Senior Multimedia Reporter
Decades ago, Venezuelan-born Beatriz Ramoutarsingh built her life in T&T with her late husband, business magnate Jack Ramoutarsingh.
Yet today, she remains heartbroken for her brothers who are still residing in Venezuela. As Venezuelans headed for the polls yesterday on the referendum to claim Essiquebo, Ramoutarsingh said she was praying for peace in her homeland.
Speaking to Guardian Media exclusively on Saturday night, Ramoutarsingh revealed how worried she was about the possibility of further instability in her beloved Venezuela.
“They have no electricity and no water. Every day my family in Venezuela call to complain. It is so sad what happened, and I hope something happens for the betterment of all,” she said.
Asked about her fears about a possible war between Venezuela and Guyana, Ramoutarsingh said: “I don’t know what will happen. With President Maduro, you cannot foresee a future. You just have to wait and see.”
She urged both parties to pursue diplomatic channels but said the fact that President Nicolás Maduro proceeded with the referendum shows further instability will come.
“Everybody is worried about the outcome of this referendum. We want to find a solution because people are suffering badly. When people think of the amount of refugees coming here, everybody has to get out. “Venezuela is a beautiful country with so many natural resources. This man (Maduro) has given away the wealth of Venezuela,” she said.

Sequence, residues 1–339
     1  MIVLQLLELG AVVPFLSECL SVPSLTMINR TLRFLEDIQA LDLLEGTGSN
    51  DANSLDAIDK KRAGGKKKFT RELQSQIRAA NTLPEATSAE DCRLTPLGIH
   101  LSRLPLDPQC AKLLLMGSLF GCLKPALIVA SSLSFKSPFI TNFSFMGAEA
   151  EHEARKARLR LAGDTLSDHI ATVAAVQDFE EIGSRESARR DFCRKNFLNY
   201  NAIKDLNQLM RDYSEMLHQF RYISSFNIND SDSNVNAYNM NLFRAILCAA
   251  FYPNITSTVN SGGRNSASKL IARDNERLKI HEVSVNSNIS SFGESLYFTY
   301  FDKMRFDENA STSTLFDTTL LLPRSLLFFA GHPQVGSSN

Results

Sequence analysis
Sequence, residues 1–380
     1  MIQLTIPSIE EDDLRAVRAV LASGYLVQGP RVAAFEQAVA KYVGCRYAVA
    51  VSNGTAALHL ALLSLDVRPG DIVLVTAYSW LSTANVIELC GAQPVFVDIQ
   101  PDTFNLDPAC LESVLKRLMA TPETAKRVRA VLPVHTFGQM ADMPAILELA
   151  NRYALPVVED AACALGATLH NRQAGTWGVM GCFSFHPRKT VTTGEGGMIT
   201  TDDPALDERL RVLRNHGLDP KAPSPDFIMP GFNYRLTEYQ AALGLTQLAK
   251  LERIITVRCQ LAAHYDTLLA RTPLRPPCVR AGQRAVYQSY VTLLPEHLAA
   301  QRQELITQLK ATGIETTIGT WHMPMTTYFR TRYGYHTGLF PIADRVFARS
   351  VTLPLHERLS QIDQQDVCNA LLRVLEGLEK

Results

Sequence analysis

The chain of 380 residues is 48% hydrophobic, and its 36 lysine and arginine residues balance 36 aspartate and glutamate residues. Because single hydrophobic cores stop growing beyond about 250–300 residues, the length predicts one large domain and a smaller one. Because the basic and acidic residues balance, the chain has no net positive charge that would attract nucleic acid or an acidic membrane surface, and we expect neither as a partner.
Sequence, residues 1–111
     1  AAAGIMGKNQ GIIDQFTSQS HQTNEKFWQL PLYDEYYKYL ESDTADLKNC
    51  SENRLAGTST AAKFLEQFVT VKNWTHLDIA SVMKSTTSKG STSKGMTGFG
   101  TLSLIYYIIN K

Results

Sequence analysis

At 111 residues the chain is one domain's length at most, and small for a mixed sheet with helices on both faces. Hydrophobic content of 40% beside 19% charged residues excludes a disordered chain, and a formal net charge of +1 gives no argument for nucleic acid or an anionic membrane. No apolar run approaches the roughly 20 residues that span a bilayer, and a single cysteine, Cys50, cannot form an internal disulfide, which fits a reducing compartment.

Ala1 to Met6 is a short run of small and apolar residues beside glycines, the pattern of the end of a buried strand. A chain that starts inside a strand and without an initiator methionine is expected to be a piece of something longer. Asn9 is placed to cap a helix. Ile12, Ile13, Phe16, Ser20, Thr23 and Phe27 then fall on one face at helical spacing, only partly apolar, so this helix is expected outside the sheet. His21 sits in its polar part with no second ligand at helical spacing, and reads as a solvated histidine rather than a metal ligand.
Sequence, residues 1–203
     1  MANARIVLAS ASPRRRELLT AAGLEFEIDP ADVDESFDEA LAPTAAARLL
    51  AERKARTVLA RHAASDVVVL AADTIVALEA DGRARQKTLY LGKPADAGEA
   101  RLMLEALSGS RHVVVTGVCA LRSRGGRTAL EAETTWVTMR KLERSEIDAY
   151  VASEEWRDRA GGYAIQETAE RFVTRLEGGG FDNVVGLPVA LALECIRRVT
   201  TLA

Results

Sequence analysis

Ramoutarsingh said while some of her siblings had migrated to T&T, her brothers and their wives were still in Venezuela. She said all the youth have left Venezuela because of the instability.
“The elderly ones are there and they are staying because they have property in Venezuela. If you leave your property unattended it’s gone, so that is why the older ones stay there,” she said.
Ramoutarsingh said she prays every day for the situation in Venezuela to improve.
Co-ordinator of the La Romain Migrant Support Group Angie Ramnarine also told Guardian Media many migrants residing in T&T have been sending back additional goods for their families in Venezuela because of the recent tensions. She said while most people did not return to Venezuela to vote in the referendum, many were tried to make their families more comfortable by sending back food.